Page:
How Does One Approach Living with Heart Disease?

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Answered by: Allen, An Expert in the Living with Heart Disease Category
Each year, more than 80 million American adults are diagnosed with cardiovascular disease. Of these, 73 million have hypertension (high blood pressure), 16 million have coronary heart disease, 6 million have had at least one stroke and 5 million have been diagnosed with heart failure. Pretty grim statistics. But, it doesn't have to mean that your life is over. In fact, the majority of heart disease patients have discovered approaches for living with heart disease and gone on to live happy, healthy lives.



Living with heart disease means making changes to your activity levels, eating right and managing stress levels. The American College of Sports Medicine recommends that all adults get at least 20 minutes of exercise, 5 times a week. Some popular activities include jogging, walking, cycling (both indoors and outside), yoga, weight training and swimming. If you're pressed for time, you don’t have to do all 20 minutes at one time. You can break it up into 1 or 2 sessions. Do you have trouble staying motivated? If so, try making a commitment to a friend or group to meet at the same time every day. Be sure to include an inclement weather plan so that you won't be able to use bad weather as an excuse not to exercise. Other ways to add more activity to your day are to take the stairs instead of the elevator, deliberately park further away from building entrances, get off the bus one stop before your destination and take the dog out for a walk!

Making changes to your diet is another great way to reduce your risk for heart disease. You'll need to reduce your fat intake (particularly saturated fat) to less than 20% of your total calories, restrict your sodium intake to fewer than 300 grams a day and increase the fiber content in all of the food you eat. Easy ways to begin eating a heart-healthy diet include looking for low fat selections on menus. Choose baked, broiled or grilled fish and meat instead of fried. Avoid any food that's battered or deep-fried. Don't be shy about asking for menu substitutions. Replace French fries with a baked potato, exchange creamy dressings with types that are made with oil and vinegar.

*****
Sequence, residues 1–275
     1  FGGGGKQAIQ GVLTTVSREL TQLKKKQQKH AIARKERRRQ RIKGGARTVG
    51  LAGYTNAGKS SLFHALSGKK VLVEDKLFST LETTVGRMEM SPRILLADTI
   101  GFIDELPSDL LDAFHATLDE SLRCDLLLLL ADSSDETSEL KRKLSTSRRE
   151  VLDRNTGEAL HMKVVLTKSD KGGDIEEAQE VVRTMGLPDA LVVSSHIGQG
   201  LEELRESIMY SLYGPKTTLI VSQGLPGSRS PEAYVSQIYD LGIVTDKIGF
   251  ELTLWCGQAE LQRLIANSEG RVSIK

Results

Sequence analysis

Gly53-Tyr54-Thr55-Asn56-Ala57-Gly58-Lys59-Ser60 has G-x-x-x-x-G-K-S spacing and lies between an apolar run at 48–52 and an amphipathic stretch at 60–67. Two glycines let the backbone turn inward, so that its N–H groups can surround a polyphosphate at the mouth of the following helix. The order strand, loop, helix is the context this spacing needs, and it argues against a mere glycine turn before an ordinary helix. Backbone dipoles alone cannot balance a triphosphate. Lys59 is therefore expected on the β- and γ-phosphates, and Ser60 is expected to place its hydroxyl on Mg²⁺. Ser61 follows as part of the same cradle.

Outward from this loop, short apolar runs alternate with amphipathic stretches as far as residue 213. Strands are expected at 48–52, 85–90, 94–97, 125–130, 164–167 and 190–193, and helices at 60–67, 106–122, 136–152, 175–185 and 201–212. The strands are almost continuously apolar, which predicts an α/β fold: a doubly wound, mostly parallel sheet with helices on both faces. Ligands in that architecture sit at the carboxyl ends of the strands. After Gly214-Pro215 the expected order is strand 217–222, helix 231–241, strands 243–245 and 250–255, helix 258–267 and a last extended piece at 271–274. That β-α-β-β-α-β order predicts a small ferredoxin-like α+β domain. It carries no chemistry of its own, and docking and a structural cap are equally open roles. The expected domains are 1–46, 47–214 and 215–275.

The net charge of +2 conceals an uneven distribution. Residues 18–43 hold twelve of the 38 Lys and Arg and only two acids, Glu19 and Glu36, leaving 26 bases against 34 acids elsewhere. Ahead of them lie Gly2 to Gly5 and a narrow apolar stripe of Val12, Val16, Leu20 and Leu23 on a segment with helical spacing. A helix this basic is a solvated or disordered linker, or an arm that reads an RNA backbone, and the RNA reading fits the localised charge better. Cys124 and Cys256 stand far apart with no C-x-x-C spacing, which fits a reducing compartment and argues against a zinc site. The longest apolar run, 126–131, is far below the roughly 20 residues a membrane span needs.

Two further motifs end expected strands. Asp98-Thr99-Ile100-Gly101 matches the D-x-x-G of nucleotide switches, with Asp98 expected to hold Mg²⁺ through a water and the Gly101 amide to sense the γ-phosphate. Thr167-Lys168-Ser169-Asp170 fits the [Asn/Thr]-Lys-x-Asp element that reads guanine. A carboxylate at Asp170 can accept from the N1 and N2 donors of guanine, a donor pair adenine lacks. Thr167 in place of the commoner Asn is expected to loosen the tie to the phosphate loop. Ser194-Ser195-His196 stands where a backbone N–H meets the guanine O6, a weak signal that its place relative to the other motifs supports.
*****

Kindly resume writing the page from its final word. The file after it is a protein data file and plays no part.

Many people who have suffered a heart attack led demanding lifestyles prior to the event. As part of your new lifestyle, you'll want to examine the choices you make in the workplace and how you spend your leisure time. While you'll probably be able to return to your old job, you may need to manage your stress levels by scaling back the number of hours you work and your responsibilities. If you smoke cigarettes, quit. Finally, consider learning how to meditate. Studies have shown that people who meditate often have significantly lower blood pressure than those who don't.

Having heart disease doesn't have to be the end of a happy, healthy life. In fact, it could be just the excuse you've needed for a new beginning. Check with your doctor before starting an exercise program and schedule a meeting with a registered dietician to determine how you can make positive, healthy changes to your diet. Your new life has just begun!

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